• Economic Democracy: workers manage production democratically to distribute the surplus generated by labor more equitably, thus restoring legal and political control to the majority.

      • Workplace Management: Productive enterprises are managed democratically by workers. Matters of workplace organization, worker discipline, production techniques, and distribution of proceeds are decided democratically -- one person, one vote. While worker councils and general managers are empowered to make specialized company decisions, these officials are democratically elected by workers

      • Market Function: Daily economic functions, particularly in terms of price establishment, are determined by the market forces of supply and demand. Profit is maximized democratically through productive innovation

      • Technology: The advancement of automation and technology is generally accepted as a societal good, created and maintained by society as a whole. As such, the benefits of such advancement are equitably distributed to promote continued innovation, more efficient market competition, and increased productivity

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    The Impact of Utilitarianism on Other Theories

    • Economic Democracy (cont.):

      • Income Distribution: Workers are voting members, entitled to percentage shares of net revenue. Therefore, labor is not commodified in the process of maximizing profit. The function of profit becomes more broadly beneficial, as labor is no longer a cost of doing business

      • Finance: Regional management of financial resources prevent the artificial scarcity imposed by centrally planned monopolies

      • Law: Rejecting the fractional reserve system of monetarism and financial credit, legislation politically and financially empowers labor, regardless of individual employment status. Suggested legal measures include abolishment of the Federal Reserve Bank] repeal of the Taft-Hartley Act and implementation of Basic Income Guarantee

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    The Impact of Utilitarianism on Other Theories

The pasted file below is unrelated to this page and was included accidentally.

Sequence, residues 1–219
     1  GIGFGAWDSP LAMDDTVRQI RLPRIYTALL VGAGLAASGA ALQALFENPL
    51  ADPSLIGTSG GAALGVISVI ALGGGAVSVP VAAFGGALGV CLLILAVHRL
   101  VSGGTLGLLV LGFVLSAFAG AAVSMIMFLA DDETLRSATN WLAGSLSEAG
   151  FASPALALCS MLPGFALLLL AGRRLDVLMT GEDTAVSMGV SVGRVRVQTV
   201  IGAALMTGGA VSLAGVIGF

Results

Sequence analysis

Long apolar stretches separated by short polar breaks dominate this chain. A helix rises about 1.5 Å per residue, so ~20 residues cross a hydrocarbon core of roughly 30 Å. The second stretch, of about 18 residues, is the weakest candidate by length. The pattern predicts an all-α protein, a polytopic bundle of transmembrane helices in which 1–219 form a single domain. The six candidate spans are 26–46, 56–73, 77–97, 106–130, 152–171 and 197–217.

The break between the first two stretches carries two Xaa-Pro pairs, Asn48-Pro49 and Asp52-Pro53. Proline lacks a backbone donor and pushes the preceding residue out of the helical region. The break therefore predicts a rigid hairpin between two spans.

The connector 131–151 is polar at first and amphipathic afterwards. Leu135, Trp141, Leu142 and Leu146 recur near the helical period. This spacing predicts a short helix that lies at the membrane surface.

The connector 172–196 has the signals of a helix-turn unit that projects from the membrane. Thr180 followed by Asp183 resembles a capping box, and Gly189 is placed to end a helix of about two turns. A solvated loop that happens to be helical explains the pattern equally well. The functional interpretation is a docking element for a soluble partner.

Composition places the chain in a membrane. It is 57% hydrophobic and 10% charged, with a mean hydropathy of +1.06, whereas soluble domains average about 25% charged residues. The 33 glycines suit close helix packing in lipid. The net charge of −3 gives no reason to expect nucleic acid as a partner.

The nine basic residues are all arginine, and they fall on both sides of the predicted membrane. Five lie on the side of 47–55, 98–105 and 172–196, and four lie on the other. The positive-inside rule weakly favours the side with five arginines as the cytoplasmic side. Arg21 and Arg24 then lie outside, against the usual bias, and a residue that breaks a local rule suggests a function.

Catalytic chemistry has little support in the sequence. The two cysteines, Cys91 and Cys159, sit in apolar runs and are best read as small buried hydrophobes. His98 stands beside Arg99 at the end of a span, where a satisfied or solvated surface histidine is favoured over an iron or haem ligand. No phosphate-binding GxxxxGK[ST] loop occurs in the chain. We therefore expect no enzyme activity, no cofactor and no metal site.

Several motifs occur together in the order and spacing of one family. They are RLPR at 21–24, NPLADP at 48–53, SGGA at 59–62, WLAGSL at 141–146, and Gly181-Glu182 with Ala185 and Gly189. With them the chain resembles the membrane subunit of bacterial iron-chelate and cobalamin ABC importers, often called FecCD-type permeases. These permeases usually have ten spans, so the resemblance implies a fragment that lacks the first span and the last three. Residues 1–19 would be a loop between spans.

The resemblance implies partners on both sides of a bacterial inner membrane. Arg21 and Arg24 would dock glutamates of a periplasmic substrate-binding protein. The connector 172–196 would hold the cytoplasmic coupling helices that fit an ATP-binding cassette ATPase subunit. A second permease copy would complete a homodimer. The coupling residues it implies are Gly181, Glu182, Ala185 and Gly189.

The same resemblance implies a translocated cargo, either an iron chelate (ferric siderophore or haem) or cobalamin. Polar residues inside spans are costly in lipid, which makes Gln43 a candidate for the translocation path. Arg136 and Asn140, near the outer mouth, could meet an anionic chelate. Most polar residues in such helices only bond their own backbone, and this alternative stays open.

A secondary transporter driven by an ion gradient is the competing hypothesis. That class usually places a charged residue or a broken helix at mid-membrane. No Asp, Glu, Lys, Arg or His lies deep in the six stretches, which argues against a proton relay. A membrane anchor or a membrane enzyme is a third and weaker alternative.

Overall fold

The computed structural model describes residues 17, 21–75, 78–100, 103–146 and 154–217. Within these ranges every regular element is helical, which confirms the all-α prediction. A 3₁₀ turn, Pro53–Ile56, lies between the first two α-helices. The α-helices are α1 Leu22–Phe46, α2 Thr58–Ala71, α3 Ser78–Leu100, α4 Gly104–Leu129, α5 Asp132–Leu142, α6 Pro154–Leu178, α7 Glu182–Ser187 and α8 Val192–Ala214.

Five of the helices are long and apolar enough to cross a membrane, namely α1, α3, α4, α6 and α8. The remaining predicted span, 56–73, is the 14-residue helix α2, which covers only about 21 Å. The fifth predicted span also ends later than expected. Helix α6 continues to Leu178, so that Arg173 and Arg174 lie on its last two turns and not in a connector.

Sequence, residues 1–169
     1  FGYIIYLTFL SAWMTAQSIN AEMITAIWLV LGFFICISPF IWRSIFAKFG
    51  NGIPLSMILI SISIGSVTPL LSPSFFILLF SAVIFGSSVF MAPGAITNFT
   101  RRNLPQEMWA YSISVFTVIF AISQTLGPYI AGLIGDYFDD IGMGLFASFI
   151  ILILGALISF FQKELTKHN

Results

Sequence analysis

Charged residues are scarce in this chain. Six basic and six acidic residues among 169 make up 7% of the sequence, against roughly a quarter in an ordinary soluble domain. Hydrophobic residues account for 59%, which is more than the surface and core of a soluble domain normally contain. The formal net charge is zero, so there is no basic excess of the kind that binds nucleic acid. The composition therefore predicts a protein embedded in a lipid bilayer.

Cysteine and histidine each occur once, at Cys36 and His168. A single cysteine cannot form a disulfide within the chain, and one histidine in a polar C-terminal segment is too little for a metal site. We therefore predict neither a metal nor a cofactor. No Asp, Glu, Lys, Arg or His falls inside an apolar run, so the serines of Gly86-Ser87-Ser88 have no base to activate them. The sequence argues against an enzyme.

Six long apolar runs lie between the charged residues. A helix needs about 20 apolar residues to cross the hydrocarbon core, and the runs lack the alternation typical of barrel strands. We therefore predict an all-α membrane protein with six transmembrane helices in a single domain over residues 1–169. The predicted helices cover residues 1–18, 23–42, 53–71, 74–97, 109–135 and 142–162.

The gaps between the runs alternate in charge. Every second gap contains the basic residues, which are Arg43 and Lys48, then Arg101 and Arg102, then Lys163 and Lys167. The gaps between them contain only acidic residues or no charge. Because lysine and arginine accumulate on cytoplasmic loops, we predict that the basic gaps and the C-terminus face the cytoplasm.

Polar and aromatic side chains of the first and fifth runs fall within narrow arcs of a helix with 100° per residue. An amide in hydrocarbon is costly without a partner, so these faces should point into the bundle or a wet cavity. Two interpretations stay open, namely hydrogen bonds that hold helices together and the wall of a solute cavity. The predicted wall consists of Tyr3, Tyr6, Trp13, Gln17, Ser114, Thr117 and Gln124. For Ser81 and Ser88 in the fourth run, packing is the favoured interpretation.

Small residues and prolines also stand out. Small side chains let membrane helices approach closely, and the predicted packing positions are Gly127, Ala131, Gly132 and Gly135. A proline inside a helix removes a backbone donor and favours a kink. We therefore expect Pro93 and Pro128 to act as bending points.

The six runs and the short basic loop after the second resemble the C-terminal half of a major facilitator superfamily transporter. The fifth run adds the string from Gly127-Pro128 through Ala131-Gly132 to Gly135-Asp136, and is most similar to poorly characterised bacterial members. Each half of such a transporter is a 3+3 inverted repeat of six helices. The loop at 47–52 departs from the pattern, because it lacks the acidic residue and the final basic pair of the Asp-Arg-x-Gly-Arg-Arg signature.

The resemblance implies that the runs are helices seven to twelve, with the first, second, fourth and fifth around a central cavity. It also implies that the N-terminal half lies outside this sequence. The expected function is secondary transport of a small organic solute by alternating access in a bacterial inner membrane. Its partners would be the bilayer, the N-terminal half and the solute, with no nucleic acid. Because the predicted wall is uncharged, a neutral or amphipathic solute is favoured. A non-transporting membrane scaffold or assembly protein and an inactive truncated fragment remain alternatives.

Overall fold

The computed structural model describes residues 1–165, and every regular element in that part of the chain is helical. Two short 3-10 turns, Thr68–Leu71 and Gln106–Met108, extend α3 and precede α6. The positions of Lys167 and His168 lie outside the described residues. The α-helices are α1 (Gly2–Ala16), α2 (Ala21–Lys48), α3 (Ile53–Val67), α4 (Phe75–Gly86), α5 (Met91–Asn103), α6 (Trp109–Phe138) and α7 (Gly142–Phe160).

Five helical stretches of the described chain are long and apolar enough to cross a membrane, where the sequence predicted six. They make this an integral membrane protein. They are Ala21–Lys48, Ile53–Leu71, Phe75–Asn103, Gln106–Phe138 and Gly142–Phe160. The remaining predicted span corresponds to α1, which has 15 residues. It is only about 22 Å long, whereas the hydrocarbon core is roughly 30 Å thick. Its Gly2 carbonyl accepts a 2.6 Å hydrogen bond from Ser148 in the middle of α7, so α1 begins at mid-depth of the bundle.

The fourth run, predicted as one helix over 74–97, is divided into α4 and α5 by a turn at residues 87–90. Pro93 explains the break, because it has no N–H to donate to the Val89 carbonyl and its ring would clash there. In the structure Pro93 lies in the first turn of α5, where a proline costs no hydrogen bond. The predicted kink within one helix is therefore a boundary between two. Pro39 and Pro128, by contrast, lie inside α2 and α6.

• Deliberative Democracy: Any system of political decisions based on some tradeoff of consensus decision making and representative democracy. In contrast to the traditional theory of democracy, which emphasizes voting as the central institution in democracy, deliberative democracy theorists argue that legitimate lawmaking can only arise from the public deliberation of the citizenry.

      • An ongoing independent association with expected continuation

      • The citizens in the democracy structure their institutions such that deliberation is the deciding factor in their creation and that they allow deliberation to continue.

      • A commitment to the respect of a pluralism of values and aims within the polity.

      • The participants in the democracy regard deliberative procedure as the source of legitimacy and as such they also prefer those causal histories of legitimation for each law be transparent, and easily traceable back to the deliberative process.

      • Each member and all members recognize and respect each others' having deliberative capacity

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    The Impact of Utilitarianism on Other Theories

    • Deliberative Democracy (cont.)

      • The participants regard themselves as bound solely by the results and preconditions of the deliberation. They are free from any authority of prior norms or requirements.

      • The participants suppose that they can act on the decision made, the decision through deliberation is a sufficient reason for compliance with it.

      • It is reasoned: parties to deliberation are required to state reasons for proposals, and proposals are accepted or rejected based on the reasons given, as the content of the very deliberation taking place.

      • Formal Equality: anyone can put forth proposals, criticize, and support measures. There is no substantive hierarchy.

      • Substantive Equality: The participants are not limited or bound by certain distributions of power, resources, or pre-existing norms. "The participants…do not regard themselves as bound by the existing system of rights, except insofar as that system establishes the framework of free deliberation among equals."

      • Deliberation aims at a rationally motivated consensus: it aims to find reasons acceptable to all who are committed to such a system of decision-making. When consensus or something near enough is not possible, majoritarian decision making is utilized.